Funding supports continued research on impacts of sustainable fruit production in the Northeast.
We’re pleased to share that we’ve been awarded a $2,000 grant from the Farm Credit Northeast AgEnhancement program. These funds will support Red Tomato’s ongoing efforts to research the impacts of sustainable fruit production on 18 Northeast orchards.
Challenges of Growing Produce in the Northeast
Apple growers in the Eastern US face more than sixty species of damaging insects, and twice as many diseases compared to the drier climates of the Pacific Northwest. Over 93% of certified organic apples grown in the US come from eastern Washington, where organic-approved production is a good fit for conditions there. Eastern Growers often need other approaches to succeed.
Red Tomato, in partnership with several Northeast Orchards and the IPM Institute of North America, has developed a third-party certification, growing protocol, and marketing program to support and reward farmers who use the most eco-sensitive, minimally treated, natural methods possible to grow their fruit. Started with six orchards on 400 acres in 2004, today there are 17 orchards and over 1700 acres enrolled.
The Impact of EcoApple®
Analysis conducted last year shows use of high-risk chemicals among five Eco-certified orchards (those participating in the program the longest), has decreased 59% since 2004, the year before the program began, and has continued to drop 18% since 2010. Support from the AgEnhancements Program will allow Red Tomato and the IPM Institute of North America to expand the analysis to additional orchards in the program. Both organizations are excited to continue the analysis, and expect new results by the end of 2018.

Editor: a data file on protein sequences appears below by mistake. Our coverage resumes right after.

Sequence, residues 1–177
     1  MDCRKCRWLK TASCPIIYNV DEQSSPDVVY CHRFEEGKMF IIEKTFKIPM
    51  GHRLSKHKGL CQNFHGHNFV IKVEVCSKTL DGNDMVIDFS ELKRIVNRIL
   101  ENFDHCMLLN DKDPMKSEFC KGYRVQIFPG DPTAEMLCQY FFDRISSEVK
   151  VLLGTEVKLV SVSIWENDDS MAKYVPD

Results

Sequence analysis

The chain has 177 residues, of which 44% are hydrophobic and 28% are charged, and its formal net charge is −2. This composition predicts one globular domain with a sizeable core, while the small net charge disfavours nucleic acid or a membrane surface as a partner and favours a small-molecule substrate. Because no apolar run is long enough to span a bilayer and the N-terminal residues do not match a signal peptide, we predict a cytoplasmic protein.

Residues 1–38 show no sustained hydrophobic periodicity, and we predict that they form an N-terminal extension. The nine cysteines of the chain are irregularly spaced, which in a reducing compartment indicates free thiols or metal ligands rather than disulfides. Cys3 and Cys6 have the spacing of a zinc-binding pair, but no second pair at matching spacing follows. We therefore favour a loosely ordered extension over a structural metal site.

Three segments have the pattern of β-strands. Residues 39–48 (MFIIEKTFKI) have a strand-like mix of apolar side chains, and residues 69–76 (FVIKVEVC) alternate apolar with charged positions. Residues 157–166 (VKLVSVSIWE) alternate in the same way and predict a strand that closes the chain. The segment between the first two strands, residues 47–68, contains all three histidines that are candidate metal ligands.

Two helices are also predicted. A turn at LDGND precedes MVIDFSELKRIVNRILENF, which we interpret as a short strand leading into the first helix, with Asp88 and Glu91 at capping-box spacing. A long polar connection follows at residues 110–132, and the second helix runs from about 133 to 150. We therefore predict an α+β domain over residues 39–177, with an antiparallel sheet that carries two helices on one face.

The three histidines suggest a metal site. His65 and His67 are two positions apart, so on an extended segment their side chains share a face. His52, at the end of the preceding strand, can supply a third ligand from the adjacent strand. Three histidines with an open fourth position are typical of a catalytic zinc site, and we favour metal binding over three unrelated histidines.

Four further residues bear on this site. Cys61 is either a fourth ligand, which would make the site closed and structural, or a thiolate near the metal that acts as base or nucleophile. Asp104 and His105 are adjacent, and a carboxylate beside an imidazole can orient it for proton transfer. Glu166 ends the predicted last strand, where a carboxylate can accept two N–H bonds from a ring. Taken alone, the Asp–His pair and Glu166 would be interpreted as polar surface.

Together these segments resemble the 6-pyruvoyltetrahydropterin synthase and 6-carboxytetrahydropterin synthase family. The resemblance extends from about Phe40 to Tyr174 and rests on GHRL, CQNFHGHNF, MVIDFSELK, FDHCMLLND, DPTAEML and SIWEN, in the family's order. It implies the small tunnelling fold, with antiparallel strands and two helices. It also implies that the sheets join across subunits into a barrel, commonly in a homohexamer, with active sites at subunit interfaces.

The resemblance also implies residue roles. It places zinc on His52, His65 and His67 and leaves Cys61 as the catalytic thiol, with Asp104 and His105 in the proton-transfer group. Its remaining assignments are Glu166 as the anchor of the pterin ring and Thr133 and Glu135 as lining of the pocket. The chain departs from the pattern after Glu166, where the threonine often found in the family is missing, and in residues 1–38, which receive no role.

“We are especially proud that the program addresses specific farming challenges for this region, and helps these farms to remain vibrant and sustainable. Continuing to understand the impact of the Eco program on the orchard environment allows us to better communicate the importance of production practices that are appropriate for our region rather than a global standard.” says Susan Futrell, the EcoApple program’s director.
New of this grant was shared by the Fruit Growers News